Cerebral Small Vessel Disease and Risk of Death, Ischemic Stroke, and Cardiac Complications in Patients With Atherosclerotic Disease: The Second Manifestations of ARTerial disease-Magnetic Resonance (SMART-MR) Study
Cerebral small vessel disease has been associated with increased risk of stroke, cognitive decline, dementia, systemic disease (such as nephropathy), and death. The common denominator of these conditions may be vascular pathology related to comorbid conditions such as hypertension, diabetes, and dyslipidemia. Conjin and colleagues investigated whether cerebral white matter lesions and lacunar infarctions were associated with risk of vascular and nonvascular death using data from the Second Manifestations of ARTerial disease-Magnetic Resonance (SMART-MR) study. A total of 1228 patients had completed MRI, which was used to identify lacunar versus nonlacunar ischemic lesions and to quantify white matter lesion burden. The authors noted that ≥1 lacunar infarcts increased the risk of all-cause, vascular, and nonvascular death. White matter lesion volume correlated with the risk of all-cause and vascular death only. There were also associations between lacunar infarcts and white matter lesion volume with risk for ischemic stroke but not ischemic cardiac complications. The authors suggest that lacunar infarcts and white matter lesions lead to an increased risk for all-cause vascular death. However, no information regarding large arterial atherosclerosis, severity of comorbid states, serum markers (eg, C-reactive protein, creatinine), or specific interventions in the studied patients is provided limiting the interpretation of the presented data. Thus, white matter lesions are markers of overall vascular morbidity rather than the causative problem. As such, this study highlights the importance of comprehensive medical care beyond assessment and treatment of the “usual suspects” for ischemic stroke in patients with symptomatic as well as asymptomatic ischemic cerebral small vessel disease.
See p 3105.
Organized Outpatient Care: Stroke Prevention Clinic Referrals Are Associated With Reduced Mortality After Transient Ischemic Attack and Ischemic Stroke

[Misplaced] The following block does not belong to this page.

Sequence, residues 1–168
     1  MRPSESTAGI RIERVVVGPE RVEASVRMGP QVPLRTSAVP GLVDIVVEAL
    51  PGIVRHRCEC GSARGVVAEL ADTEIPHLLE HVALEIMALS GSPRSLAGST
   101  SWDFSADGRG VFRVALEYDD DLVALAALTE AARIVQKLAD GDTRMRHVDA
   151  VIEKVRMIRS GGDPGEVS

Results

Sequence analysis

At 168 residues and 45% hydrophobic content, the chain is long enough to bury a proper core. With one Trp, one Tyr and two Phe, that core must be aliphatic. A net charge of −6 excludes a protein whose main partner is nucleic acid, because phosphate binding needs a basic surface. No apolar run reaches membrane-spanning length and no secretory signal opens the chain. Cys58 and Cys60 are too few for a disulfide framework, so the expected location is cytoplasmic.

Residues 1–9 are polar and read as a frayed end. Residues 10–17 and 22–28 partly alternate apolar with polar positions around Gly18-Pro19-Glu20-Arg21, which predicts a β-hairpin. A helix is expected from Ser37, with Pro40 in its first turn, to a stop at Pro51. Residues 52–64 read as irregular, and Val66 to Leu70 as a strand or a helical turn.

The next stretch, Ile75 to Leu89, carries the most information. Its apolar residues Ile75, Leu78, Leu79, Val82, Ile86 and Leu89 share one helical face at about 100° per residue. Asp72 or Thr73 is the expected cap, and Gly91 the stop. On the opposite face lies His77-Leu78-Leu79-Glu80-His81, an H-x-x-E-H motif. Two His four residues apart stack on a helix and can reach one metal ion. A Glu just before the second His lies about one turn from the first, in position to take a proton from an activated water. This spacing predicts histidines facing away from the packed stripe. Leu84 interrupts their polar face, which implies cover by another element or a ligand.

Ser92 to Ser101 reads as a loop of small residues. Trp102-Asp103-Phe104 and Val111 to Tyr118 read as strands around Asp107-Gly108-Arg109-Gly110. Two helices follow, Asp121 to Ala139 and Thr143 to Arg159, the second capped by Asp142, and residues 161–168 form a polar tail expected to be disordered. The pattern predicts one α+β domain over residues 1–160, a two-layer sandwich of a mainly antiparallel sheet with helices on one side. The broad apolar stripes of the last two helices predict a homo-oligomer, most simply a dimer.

Organized inpatient care and rapid outpatient stroke assessment are increasingly recognized to improve outcomes. Webster and colleagues evaluated the effect of secondary prevention clinic referral on mortality and readmissions after an initial stroke admission from the retrospective Registry of the Canadian Stroke Network (RCSN). The primary outcome was all-cause mortality at 1 year after the index hospital visit for stroke/transient ischemic attack. A total of 16 468 patients with ischemic stroke or transient ischemic attack were identified of whom 7700 (47%) were referred for follow-up at a secondary prevention clinic. Most importantly, 1-year mortality rates were lower in those referred to stroke prevention clinics compared with those who were not (adjusted hazard ratio, 0.67; 95% CI, 0.60–0.75). Secondary analyses demonstrated that 1-year readmission and emergency room visit rates as well as CT imaging, antihypertensive therapy, or anticoagulation for atrial fibrillation were similar between patient subgroups. Length of stay was lower in patients followed in stroke prevention clinics (11.6 versus 5.7 days, P<0.001). Patients followed in stroke prevention clinics had more physician visits, MRI, carotid imaging, echocardiography, Holter monitoring, and were more frequently prescribed antiplatelet and lipid-lowering therapies (all P<0.001). Conversely, they were less likely to have carotid revascularization procedures. This study suggests that timely and more comprehensive stroke/transient ischemic attack workup combined with early risk factor control appear to be critical factors that help decrease mortality in patients followed in stroke clinics. Looking forward, the authors highlight the need to identify the specific clinic interventions that optimize outcome, patient satisfaction, and compliance as well as to assure their cost-effectiveness.